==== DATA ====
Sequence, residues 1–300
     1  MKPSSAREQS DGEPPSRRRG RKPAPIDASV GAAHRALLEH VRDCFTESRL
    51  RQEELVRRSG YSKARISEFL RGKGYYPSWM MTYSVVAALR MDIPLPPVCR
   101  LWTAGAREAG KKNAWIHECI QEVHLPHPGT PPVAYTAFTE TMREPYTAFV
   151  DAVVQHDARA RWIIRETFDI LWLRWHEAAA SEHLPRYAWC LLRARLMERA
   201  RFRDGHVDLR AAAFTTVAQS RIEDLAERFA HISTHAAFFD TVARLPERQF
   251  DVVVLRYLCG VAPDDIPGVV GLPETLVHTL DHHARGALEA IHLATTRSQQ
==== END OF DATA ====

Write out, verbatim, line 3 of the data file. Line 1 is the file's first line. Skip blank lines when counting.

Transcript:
    51  RQEELVRRSG YSKARISEFL RGKGYYPSWM MTYSVVAALR MDIPLPPVCR